I was fortunate enough to be asked to speak at a conference down in southeastern Virginia convened by a group called the Future of Hampton Roads. And it was a great event. As the 35th largest metropolitan area in the country it has tremendous energy and vitality, steeped in American history, blessed with amazing natural resources, not to mention the world’s largest natural seaport, and the related concentration of military bases.

And based on its performance relative to other metros on indicators such as employment, unemployment, gross metropolitan product, and housing prices, Brookings research shows that Hampton Roads is one of the twenty healthiest metro areas. As a barometer for the short term all that is definitely good news.

Yet here at the Metro Program we believe the next economy must be export-oriented, low-carbon, and innovation-fueled. So when we look beyond the immediate indicators for Hampton Roads--that are shaped to a large degree by government and military spending--the key characteristics that will shape the post recession economy tell a more pessimistic story.

On exports, the region is starting in a surprisingly weak position. While some manufacturing exports--transportation equipment specifically--are important, the Hampton Roads region ranks 79th among the top 100 metros in export intensity. With its over-reliance on vehicular travel, it is also not clear whether Hampton Roads is positioned to adapt to a low carbon future.  On innovation, Hampton Roads does not fare well by traditional measures such as patenting.

Compounding these problems is that Hampton Roads is also vexed by considerable hurdles to new and updated metropolitan-thinking. Newport News Mayor Joe Frank, who also spoke at the event, rightly pointed out the myriad activities around which local governments in the region collaborate: highway and transit planning, emergency preparedness, and coastal resources management, to name a few.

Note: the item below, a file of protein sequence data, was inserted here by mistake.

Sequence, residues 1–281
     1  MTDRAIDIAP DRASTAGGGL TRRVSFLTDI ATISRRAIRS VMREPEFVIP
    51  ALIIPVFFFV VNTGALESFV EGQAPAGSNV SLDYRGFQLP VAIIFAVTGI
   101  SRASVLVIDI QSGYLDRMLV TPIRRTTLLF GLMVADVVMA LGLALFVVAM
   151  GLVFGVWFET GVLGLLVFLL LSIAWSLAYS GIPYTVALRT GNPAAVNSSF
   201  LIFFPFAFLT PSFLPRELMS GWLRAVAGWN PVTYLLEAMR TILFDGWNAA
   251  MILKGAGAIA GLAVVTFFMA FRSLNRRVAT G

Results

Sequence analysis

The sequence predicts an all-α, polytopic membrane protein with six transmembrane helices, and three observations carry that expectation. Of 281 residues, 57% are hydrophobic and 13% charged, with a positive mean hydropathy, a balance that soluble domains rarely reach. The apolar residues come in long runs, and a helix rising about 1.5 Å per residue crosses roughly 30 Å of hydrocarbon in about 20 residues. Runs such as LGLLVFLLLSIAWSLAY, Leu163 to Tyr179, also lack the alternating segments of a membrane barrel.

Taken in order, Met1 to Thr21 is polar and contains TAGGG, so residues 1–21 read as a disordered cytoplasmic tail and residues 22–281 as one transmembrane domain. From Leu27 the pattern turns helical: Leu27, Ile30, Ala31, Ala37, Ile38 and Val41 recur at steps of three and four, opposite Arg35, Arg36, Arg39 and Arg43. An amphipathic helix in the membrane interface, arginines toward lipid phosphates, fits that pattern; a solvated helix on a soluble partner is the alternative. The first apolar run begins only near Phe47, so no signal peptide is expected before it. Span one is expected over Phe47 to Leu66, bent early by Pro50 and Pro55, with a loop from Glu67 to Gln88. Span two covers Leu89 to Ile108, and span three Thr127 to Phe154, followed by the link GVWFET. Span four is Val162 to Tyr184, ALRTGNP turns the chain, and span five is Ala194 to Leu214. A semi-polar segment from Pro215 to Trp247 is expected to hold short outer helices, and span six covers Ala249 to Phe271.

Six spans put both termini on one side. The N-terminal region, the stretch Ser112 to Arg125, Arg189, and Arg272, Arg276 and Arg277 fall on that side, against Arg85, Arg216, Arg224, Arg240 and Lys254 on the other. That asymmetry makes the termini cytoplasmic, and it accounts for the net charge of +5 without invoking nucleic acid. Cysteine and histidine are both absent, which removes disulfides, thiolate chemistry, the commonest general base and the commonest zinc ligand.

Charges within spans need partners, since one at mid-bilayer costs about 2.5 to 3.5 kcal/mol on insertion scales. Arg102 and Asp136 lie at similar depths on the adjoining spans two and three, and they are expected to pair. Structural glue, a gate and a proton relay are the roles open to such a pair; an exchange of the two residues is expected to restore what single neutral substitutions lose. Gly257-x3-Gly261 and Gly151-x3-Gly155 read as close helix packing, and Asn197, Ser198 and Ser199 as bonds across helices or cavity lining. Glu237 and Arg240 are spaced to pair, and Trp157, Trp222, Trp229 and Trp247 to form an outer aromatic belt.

Nevertheless, the key theme of the event was that deep metropolitan action in Hampton Roads remains elusive. So in order for the region to succeed, Hampton Roads needs to continue to think about the kind of investments and develop the kinds of policies necessary to compete globally, maintain their innovative edge, grow an educated and skilled workforce and build and maintain state of the art infrastructure so they can move people, goods, ideas, and energy efficiently and effectively.

One approach is to fortify the region’s cluster strategies as laid out by the Hampton Roads Partnership in its comprehensive regional economic development strategy. Promising clusters in modeling & simulation, bio-science, and transportation are clearly related to the region’s specializations and traditional strengths in defense, maritime, and equipment manufacturing. The region should get behind the effort to promote these clusters and at the same time boost innovation, and build a 21st century workforce.

The task will be to align Hampton Roads around a cohesive regional identity. Since no one jurisdiction, corporation, nonprofit, or university can tackle the range of challenges for moving to the next economy on its own, such a vision is essential.